Chambers in Conflict on 527s
Role of Soft Money at Issue
With the House set to hold a hearing today examining the role of 527 organizations in federal elections, the two chambers increasingly appear poised to take divergent tacks in curtailing the influence of the independent soft-money groups.
While the Senate is ready to move legislation out of committee that would restrict the activities of 527s, the House seems more likely to attempt to “level the playing field” by allowing the political parties to once again raise and spend soft money.
Unlike the parties, organizations that operate under Section 527 of the tax code do not have contribution limits, spending caps or restrictions on who can donate to them.
House Administration Chairman Bob Ney (R-Ohio) has avoided explicitly delineating what course he plans to take. But he also has not hidden his distaste for the 2002 Bipartisan Campaign Reform Act, which he believes elevated the importance of the largely unregulated independent groups at the expense of the political parties.
Ney said in an interview that he hopes the hearing will allow Members to accurately “judge the effectiveness” of BCRA, a law he believes created a loophole “a Mack truck could run through.” He was referring to the role of 527s, which poured $405 million into the 2004 election, much of it in unrestricted soft money from individuals, corporations and labor unions.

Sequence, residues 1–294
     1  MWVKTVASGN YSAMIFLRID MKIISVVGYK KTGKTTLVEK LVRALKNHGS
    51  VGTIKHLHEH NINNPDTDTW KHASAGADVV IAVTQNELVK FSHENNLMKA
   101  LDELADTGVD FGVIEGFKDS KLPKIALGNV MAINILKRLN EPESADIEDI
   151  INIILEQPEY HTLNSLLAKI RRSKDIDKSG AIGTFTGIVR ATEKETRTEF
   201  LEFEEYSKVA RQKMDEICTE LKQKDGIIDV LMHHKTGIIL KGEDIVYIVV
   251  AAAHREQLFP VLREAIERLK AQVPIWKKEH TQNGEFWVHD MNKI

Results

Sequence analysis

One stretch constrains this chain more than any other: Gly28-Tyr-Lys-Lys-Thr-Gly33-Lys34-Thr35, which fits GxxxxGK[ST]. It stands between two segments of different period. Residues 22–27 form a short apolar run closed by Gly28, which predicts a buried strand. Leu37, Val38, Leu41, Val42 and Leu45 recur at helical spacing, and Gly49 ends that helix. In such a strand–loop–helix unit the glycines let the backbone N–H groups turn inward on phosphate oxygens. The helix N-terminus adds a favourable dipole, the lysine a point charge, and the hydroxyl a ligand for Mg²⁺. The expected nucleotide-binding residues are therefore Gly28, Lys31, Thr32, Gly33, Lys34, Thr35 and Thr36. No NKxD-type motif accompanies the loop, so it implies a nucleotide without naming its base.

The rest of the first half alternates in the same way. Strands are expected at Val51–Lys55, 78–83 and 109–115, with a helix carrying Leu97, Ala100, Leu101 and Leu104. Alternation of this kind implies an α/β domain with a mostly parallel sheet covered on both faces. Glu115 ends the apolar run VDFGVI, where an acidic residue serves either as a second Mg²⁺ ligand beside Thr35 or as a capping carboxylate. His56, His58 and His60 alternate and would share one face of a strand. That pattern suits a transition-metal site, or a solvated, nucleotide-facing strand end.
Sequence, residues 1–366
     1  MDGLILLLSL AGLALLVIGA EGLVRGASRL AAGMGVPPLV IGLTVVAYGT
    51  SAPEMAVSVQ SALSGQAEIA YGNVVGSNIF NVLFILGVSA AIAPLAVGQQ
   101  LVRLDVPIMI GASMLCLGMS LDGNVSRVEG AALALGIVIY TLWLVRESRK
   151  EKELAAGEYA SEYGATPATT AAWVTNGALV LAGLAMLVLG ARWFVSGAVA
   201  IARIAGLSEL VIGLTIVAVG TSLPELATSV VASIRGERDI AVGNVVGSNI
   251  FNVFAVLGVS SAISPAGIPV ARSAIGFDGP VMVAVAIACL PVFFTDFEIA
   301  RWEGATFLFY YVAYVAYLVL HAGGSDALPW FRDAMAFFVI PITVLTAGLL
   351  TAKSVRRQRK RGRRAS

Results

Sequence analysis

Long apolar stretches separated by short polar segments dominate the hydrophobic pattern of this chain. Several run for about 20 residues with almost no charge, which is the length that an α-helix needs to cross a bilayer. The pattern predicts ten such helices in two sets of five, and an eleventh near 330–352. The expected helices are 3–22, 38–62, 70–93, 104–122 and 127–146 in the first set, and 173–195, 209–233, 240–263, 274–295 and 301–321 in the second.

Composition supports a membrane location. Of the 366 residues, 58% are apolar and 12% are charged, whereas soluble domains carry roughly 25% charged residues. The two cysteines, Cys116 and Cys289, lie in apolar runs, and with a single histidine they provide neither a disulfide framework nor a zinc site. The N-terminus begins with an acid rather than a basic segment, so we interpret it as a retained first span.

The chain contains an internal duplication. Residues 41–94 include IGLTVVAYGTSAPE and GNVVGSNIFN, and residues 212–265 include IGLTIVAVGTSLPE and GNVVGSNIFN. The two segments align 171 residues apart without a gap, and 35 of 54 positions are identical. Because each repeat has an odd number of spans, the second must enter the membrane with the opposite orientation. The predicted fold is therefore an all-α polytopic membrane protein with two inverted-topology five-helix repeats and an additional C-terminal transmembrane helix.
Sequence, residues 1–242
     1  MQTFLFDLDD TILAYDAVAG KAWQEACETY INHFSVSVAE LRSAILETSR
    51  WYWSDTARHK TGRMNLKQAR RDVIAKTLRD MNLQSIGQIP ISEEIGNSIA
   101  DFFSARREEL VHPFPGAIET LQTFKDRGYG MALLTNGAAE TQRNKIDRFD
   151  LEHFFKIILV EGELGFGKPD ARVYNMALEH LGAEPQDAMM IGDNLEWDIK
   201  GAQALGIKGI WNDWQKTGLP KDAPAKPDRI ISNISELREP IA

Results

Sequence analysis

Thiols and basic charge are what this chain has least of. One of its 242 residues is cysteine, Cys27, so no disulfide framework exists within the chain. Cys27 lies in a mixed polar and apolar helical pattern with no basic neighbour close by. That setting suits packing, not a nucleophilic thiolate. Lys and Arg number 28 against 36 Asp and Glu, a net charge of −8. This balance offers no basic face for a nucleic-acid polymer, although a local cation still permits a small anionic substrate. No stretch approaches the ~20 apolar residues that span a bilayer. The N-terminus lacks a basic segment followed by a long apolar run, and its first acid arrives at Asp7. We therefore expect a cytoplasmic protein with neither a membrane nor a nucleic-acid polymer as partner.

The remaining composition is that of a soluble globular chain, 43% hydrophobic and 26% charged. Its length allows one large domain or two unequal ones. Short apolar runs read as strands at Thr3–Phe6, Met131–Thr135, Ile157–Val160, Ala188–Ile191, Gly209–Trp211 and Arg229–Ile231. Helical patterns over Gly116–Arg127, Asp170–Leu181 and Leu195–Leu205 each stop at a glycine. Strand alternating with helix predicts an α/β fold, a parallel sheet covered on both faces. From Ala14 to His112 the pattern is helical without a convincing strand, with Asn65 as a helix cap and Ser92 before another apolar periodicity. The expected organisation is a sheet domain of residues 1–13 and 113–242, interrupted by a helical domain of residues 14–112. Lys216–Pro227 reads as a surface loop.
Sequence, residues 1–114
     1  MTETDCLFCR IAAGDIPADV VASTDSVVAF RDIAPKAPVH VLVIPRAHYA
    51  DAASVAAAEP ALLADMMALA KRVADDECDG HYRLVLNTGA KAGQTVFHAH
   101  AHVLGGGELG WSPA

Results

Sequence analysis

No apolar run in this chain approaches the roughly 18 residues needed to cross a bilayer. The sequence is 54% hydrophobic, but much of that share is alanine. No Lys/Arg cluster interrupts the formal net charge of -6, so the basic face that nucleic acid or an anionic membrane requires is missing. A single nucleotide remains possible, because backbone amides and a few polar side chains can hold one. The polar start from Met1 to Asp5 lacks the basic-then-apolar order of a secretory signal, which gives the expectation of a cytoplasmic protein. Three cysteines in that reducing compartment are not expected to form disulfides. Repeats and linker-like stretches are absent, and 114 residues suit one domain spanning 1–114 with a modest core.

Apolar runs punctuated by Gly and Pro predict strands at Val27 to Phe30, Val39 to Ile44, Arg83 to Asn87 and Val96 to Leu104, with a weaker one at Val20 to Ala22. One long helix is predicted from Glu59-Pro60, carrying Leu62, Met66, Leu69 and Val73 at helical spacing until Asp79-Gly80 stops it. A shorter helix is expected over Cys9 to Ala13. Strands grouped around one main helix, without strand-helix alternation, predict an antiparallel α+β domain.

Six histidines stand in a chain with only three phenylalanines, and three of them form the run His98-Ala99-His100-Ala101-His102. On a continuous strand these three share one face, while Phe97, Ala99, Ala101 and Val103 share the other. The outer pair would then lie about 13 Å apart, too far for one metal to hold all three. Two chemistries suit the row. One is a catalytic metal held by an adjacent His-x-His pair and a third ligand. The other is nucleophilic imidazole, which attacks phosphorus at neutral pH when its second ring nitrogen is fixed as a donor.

The Ohio Republican has indicated a willingness to take a serious look at legislation introduced by Reps. Mike Pence (R-Ind.) and Albert Wynn (D-Md.), both of whom are slated to testify. Their bill would undo certain portions of the 2002 campaign finance legislation and the 1974 Federal Election Campaign Act.
Instead of reining in 527s, as a bill moving through the Senate would, Pence and Wynn are seeking to give the parties parity in the soft-money chase. They believe BCRA went too far in imposing constraints on the parties, unjustly weakening them vis-à-vis 527 groups. Ney’s rhetoric would seem to indicate his leanings in that direction, if he is not already firmly in Pence and Wynn’s camp.
A GOP aide familiar with the issue in the House said Pence and Wynn’s legislation has “a wink and a nod from the Speaker’s office,” making it likely that their bill, or some piece of legislation, will be brought to the floor.
Speaker Dennis Hastert’s (R-Ill.) office did not return calls seeking comment.
Ney scheduled his hearing for the same day and time Lott had planned to hold a hearing on the other side of the Capitol. Lott is ready to mark up the bill he introduced with Sens. John McCain (R-Ariz.), Russ Feingold (D-Wis.) and Charles Schumer (D-N.Y.) that would prohibit 527s from raising and spending soft money to influence federal elections. The Senate Rules and Administration Committee, which Lott heads, held a hearing on the measure last month.
Lott subsequently pushed his markup back a week for unrelated reasons — Ney said the scheduling was coincidental from the beginning — but the idea of competing hearings underscores the subtle competition between the chambers on the issue.